Michael Bungay Stanier: So many lines there, but I’m going to step away from all of them and carry on, yeah.

Michael Port: Yeah of course, but look, you know, and the key is there is this authenticity in performance of course. There are lots of folks who are very good at manipulating others. That’s not what we’re talking about here. To me, the best performers in the world are the most authentic performers in the world.

If you think about your favourite actors, you love them because they’re such honest actors. What they’re going through when you see them perform is real for them. They are not pretending to feel upset about a situation of the characters and they actually feel it. As a result, it tells you something about that character. So all of the things that we do in our life, all of the things that we say, it tells the world something about us and we can choose how we want to be known in the world and we can choose how we perform.

Michael Bungay Stanier: So I love that first of all, you just made it really clear. This is isn’t just a book for aspiring keynote speakers, although if you are an aspiring keynote speaker, definitely grab the book, but it’s really just to say in the metaphor, It’s not always a metaphor, but often it is. This idea of a spotlight moment, which is when are you centre stage and when do you need to show up with the presence and the gravitas and get the message you want across to the audience that you have and you don’t need to be in front of a crowd of 8,000 people to need to have some of the skills that you cover off in the book.

Michael Port: Absolutely not. In fact, part 3 is a tour de force on public speaking specifically, but the first 2 parts apply to all performance situation. So the first part of the book is all about the performer’s mind set. The performer sees the world in a particular way. The performer sees themselves as adaptable. The performer sees themselves as somebody who can move through lots of different dynamics, lots of different situations, be comfortable with lots of different groups, playing lots of different roles.

So the first thing I address is finding your voice. So that you feel comfortable standing for your values, standing for what you believe in and that’s very, very important. The second thing I address is playing the right role in every situation, identifying what role is required in this given situation. Say when you’re leading a team meeting, well, how was that role different then when you are a parent in a very difficult situation with a child.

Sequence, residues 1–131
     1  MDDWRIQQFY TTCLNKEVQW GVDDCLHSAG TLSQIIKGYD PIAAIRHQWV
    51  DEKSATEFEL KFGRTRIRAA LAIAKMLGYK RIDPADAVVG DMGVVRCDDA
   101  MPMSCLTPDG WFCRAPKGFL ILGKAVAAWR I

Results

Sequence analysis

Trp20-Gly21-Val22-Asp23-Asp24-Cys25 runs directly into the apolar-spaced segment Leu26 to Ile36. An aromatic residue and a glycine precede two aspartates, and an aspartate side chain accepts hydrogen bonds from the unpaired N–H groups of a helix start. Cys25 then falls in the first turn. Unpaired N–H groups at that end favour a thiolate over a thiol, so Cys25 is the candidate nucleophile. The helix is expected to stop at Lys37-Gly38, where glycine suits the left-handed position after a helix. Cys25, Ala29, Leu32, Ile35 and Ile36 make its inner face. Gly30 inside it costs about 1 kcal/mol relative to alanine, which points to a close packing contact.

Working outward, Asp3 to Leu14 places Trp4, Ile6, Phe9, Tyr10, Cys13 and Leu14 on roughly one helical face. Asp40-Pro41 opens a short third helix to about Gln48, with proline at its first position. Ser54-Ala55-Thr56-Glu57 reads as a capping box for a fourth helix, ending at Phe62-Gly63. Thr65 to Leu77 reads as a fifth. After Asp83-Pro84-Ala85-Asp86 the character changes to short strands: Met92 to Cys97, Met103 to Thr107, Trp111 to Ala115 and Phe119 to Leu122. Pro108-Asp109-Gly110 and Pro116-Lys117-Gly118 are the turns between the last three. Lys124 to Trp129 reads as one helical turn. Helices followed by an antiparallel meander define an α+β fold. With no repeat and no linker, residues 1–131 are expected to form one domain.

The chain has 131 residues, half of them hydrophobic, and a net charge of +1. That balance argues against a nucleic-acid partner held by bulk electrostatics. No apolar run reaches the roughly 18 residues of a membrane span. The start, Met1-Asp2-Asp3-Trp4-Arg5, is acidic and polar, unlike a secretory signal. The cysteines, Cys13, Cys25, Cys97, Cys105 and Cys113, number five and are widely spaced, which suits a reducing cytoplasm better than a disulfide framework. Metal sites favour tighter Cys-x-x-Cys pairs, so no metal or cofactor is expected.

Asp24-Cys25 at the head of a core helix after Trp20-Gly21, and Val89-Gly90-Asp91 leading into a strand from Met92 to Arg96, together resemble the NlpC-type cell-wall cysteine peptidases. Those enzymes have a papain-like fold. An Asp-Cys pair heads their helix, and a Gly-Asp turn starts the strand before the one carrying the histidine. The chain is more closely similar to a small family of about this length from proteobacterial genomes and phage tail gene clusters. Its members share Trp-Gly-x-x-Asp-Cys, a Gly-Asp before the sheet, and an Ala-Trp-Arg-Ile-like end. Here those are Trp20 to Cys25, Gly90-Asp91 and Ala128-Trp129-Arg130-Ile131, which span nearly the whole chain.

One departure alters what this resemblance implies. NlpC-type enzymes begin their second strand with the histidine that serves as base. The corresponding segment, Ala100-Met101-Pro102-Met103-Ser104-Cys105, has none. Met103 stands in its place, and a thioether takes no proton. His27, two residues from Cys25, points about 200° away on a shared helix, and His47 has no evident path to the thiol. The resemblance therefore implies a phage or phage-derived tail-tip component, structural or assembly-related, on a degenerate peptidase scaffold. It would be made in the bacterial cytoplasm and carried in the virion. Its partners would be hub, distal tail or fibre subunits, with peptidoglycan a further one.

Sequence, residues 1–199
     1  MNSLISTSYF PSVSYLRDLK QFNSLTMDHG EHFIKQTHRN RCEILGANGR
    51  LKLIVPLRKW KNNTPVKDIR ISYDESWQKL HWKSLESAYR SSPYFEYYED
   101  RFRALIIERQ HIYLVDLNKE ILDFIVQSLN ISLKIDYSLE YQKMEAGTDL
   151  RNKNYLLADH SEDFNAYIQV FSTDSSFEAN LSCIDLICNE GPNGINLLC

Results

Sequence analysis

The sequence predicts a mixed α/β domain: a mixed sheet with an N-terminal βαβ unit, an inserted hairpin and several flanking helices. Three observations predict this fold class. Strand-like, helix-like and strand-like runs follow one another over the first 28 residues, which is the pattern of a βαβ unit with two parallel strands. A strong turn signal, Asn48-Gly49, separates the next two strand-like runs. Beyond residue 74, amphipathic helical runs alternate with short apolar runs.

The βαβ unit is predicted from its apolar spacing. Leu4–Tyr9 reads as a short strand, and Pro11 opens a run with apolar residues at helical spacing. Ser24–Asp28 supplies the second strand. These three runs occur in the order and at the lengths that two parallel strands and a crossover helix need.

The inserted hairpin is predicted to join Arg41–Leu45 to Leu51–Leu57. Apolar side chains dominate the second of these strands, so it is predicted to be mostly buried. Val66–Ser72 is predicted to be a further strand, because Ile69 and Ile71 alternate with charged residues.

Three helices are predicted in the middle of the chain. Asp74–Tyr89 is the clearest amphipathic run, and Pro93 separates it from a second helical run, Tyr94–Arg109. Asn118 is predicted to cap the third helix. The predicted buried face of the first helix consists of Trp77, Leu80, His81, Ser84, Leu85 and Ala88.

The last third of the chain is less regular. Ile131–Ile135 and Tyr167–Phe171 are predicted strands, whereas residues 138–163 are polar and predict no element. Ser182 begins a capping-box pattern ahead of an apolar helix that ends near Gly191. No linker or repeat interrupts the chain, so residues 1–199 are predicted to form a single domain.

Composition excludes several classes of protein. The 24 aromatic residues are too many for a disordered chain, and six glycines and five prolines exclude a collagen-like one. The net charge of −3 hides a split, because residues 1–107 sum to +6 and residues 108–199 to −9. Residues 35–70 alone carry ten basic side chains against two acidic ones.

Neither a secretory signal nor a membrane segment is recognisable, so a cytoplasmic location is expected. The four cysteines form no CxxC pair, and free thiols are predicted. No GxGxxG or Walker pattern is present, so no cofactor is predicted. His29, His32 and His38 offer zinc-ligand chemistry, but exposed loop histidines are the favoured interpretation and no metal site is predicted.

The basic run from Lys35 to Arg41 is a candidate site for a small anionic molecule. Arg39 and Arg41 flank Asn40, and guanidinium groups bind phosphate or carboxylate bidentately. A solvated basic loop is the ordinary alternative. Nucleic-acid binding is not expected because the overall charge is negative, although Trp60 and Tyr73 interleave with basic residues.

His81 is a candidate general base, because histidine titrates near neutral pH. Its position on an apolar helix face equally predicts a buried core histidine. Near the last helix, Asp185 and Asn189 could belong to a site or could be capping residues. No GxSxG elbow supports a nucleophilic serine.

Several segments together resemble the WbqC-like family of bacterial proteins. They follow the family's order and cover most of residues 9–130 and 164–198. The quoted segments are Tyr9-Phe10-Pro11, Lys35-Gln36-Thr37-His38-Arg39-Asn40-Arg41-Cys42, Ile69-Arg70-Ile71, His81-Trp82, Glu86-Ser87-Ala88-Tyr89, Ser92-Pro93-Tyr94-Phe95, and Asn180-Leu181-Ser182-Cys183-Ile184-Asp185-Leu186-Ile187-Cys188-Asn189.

Because anybody that has children knows that you are often performing as a parent for your child because you maybe thinking, I’m going to kill this kid. I’m going to kill this kid. And yet you have to keep a very calm and loving exterior, almost a façade, but one of our performance principles, which is part 2 of the book is being able to act as if. And that’s a very, very powerful imagination tool, which then of course influences the way that we act, which of course then influences the outcome of any given situation that we’re in.

Michael Bungay Stanier: Well, let met pick up on that because this is an interesting paradox from the attention, which is this piece about the people who we respond to have that gravitas, have that authenticity that you talked about earlier. Yet so often, the way to access that to kind of step up to the level you want to be is this process of act as if. So how do you reconcile this two different perspectives?

Michael Port: To me, I don’t think, well I’ll say it this way. I’m not sure we have to reconcile that. I think we can have both of those perspectives and I think we can still very comfortably move into the performer’s mind set. There is something that, you used the word paradox, which is very interesting to me because there’s something that I call the performer’s paradox.

So on one hand, you have this great desire to go out and do great work, to do good work. To steal the show and impact others profoundly and that’s a strong intention, but then on the other hand, you have this other intention. It says don’t screw up. Don’t do anything that would get rejection. Or people would laugh at you or tell you you’re stupid.

Don’t do anything that could put you in a dangerous position. So then those two intentions, they just cancel each other out because if you are going to go out in the world and do anything in the big way, you’re going to from time to time fall down.